Planning the future of your workplace: Six things for HR to consider

Author: Gemma Dale

The scale and duration of the coronavirus (COVID-19) pandemic and the enforced shift to home-based working has led many organisations to think about the future of the workplace and a move towards a hybrid or blended working model. Gemma Dale takes us through six areas for HR to consider as part of its planning process.

With national restrictions continuing to be lifted throughout the UK, organisations are starting to consider a return to the workplace. For some, this will include the implementation of new working models, including hybrid or blended working where employees are based partly remotely and partly in the workplace. Others will be continuing with an entirely remote workforce. Specifically, though, HR is keen to draw on the lessons learned from the period of enforced homeworking to ensure that any new models are fit for purpose.

And, while hybrid working will be a significant area of interest in the months to come, it is not the only area that needs HR's attention. All new post-pandemic workplace strategies will need to include an increased focus on wellbeing, the practicalities of the return to the workplace and employee engagement, as well as addressing the implications of new working models on traditional HR activity.

Hybrid working is at an early stage and there are few precedents to follow - each organisation will need to consider what it means for them and their circumstances. However, maintaining an agile approach to developing and refining plans will ensure a model with the best fit. The following are all areas that HR needs to focus on as strategies are being developed.

1. Determining the overall approach

There is no single best-practice approach to remote or hybrid working, as models will vary according to the individual's role, the organisation or the industry in which it operates. Treat the months to come as a time for careful consideration and review, rather than for fixed decisions. The following will help determine the most suitable approach, while encouraging ongoing engagement with the process from all employees and people managers:

  • Where one has not already been undertaken, conduct a listening exercise with employees to seek feedback on future working preferences - this could include surveys or smaller focus groups.
  • Share with employees what new ways of working are under consideration, with clear timescales for providing more information.
  • Engage with people managers now to understand their concerns and any questions they have, identify their training and development needs, and begin to establish understanding and buy-in.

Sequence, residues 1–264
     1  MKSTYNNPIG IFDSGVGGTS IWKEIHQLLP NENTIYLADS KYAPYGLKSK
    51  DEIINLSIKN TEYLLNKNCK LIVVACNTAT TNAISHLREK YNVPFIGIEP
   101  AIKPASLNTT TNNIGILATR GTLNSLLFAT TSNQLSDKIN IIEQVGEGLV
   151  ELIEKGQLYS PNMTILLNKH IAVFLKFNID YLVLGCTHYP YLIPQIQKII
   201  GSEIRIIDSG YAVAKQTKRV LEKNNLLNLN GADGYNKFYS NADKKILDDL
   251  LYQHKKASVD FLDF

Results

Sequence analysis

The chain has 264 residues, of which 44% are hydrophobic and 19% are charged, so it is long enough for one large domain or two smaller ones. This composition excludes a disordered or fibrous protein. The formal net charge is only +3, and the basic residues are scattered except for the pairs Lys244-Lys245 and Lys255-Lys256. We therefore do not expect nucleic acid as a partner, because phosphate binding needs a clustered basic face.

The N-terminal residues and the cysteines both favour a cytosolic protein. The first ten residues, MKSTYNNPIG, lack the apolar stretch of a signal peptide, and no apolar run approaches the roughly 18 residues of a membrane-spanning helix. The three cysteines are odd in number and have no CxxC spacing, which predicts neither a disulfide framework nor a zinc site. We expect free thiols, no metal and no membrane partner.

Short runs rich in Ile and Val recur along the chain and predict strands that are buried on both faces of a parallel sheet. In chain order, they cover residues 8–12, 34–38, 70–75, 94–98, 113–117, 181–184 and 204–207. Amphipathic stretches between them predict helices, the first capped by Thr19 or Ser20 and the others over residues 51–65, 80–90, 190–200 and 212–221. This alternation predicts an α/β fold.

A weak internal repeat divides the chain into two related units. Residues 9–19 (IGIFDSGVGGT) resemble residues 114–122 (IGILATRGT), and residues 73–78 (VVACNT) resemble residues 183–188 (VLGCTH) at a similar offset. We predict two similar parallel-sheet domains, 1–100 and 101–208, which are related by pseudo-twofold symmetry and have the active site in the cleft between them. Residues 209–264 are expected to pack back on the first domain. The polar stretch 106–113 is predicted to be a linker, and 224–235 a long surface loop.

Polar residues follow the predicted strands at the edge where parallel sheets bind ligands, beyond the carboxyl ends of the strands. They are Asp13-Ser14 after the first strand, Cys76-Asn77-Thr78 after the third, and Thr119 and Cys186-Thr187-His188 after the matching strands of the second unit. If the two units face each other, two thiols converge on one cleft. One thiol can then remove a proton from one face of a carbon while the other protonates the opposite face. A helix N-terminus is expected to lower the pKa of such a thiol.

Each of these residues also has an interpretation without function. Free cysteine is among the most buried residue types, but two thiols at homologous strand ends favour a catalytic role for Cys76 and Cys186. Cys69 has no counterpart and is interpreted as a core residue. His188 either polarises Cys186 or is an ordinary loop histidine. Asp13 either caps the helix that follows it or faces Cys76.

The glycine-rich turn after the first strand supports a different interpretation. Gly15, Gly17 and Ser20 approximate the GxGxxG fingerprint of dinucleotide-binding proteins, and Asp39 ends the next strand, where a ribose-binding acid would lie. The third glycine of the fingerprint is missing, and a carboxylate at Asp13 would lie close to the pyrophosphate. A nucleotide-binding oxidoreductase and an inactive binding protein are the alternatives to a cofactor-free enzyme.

• Identify a mechanism for feedback, as well as ways to measure success and to identify problems that arise as new models are implemented.

The working models need to be clearly defined, and any new approaches that your organisation wishes to introduce should be clearly explained. Senior leaders, with advice and insight from HR, will need to do the following:

  • Develop a policy or principles document that sets out the organisation's position on new ways of working - initially this should be identified as an interim approach, to ensure that any necessary changes or revisions to the plans can be introduced.
  • Determine eligibility for hybrid and remote working. There will be some roles that will not be suitable for hybrid or remote work, so to ensure clarity and fairness, there should be clear explanations behind these decisions.
  • Set out the roles and responsibilities of both hybrid or remote workers, and their managers.  This should include areas such as data protection, health and safety, appropriate workstations and general expectations.

Employees and managers should be clear on what forms of flexible work are available to them, how they can apply for them, any implications on their terms and conditions, and what is expected of them in real terms.

2. Focusing on short- and long-term employee wellbeing

There are several wellbeing considerations that can be separated into immediate priorities and longer-term requirements. The pandemic has led to what the mental health charity Mind has called "a mental health emergency", with increasing levels of stress, anxiety and depression. Employees may have specific anxieties about the return to the workplace, including the use of public transport. In addition, according to the ONS, more than one million people in the UK were experiencing symptoms of "long COVID" up to the end of March 2021, a new and largely unknown condition. To address the immediate wellbeing priorities, organisations should:

  • provide regular, specific information to employees about workplace safety and hygiene protocols, reassuring them and offering a facility for questions and answers;
  • remind employees about internal support services such as employee assistance programmes (EAPs) and the occupational health department;